Significant cuts to the agriculture budget are part of the House passed budget proposal. The budget says direct payments to farmers should be reduced and the government’s open-ended support for crop insurance should be capped.

Total spending on agricultural programs, including nutrition programs would be reduced by $178 billion over 10 years, with $30 billion of that coming from commodity programs. That would reduce spending on commodity programs by about 20% from current levels. However, the cuts would be implemented as part of the 2012 Farm Bill and would not take effect until 2013/14. EPA wants to “clarify” a key definition of what wetlands and “aquatic resources” may be subject to regulation, even if on private property.

The Environmental Protection Agency (EPA) has issued a proposed clean water protection guidance that is expected to increase the water subject to the Clean Water Act. In 2006 the U.S. Supreme Court ruled that the federal government could not use the Clean Water Act to assert control of wetlands on private property. According to the ruling, the Clean Water Act only covers navigable waters and property with significant connections to them. According to EPA Administrator Lisa Jackson, the proposed guidance is needed to clarify what constitutes “property with significant connections to navigable waters”.

EPA proposal already has critics. EPA’s Jackson says that there are about 177 million Americans that get their drinking water from sources that are not protected from pollution. But a large number of Congressmen and interest groups say that the proposed guidance is an attempt to short-circuit the process for changing policy and to significantly expand reach of the federal government. EPA has opened a 60-day public comment period on the proposed guideline. You can see it for yourself under the RESOURCES tab at www.doane.com.

FTAs move closer, with benefits for U.S. ag trade. The office of the U.S. Trade Representative has notified the House Ways and Means Committee and the Senate Finance Committee that the U.S. and Panama have completed modifications to the proposed free trade agreement (FTA) and that talks on drafting implementing legislation can begin. The notification suggests that the U.S.-Panama FTA will be submitted for Congressional approval soon. USDA has updated a study estimating potential benefits of the three pending free trade agreements, one with Panama, one with South Korea, and one with Colombia. The analysis shows that exports of U.S. agricultural products would rise by $1.9 billion annually if the agreement with South Korea is implemented. The agreement with Colombia would boost exports by $370 million and the one with Panama would boost exports by $46 million. All three agreements are expected to be approved over the next few months.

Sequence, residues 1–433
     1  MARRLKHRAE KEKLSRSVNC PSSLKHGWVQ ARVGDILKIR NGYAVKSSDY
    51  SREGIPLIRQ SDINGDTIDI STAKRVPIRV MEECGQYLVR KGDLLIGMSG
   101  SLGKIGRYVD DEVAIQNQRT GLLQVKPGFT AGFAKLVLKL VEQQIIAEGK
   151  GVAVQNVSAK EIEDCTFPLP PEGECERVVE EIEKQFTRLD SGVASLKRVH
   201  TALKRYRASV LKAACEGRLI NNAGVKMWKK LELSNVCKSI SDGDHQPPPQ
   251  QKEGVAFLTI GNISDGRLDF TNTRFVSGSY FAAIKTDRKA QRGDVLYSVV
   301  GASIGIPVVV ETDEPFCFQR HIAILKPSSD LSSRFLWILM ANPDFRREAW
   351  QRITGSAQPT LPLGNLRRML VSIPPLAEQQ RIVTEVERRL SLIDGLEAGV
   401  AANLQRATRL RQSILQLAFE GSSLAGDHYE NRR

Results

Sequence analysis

Crude oil prices have now been over $100 per barrel since late February and it looks like prices will stay high at least for the next several months. When oil prices passed $100 per barrel in 2008, world demand for oil declined. Compared to 2008, global demand in developed countries is now down 6% and demand in the U.S. is off 4%. But demand for oil in developing countries, especially China, is rising. The International Energy Agency predicts that China will account for 60% of the increase in world oil demand over the next decade. As a result, there is little the U.S. government or the U.S. consumer can do to reduce world oil demand or prices.

Tweaking and redirecting ethanol policy proposed. Agriculture Secretary Vilsack has endorsed a proposal to scale back the blenders’ credit for ethanol and redirect some of the money to renewable energy research and incentives for gas stations to invest in infrastructure to sell a broad range of ethanol blends. However, Vilsak said it would be a mistake for Congress to eliminate the 45 cent per gallon tax credit for ethanol, like it did for the biodiesel tax credit in 2009. The 45 cents per gallon tax credit for ethanol expires at the end of this year and there is increasing opposition in Congress to renewing the credit. The 54 cents per gallon tariff on ethanol imports also expires at the end of 2011.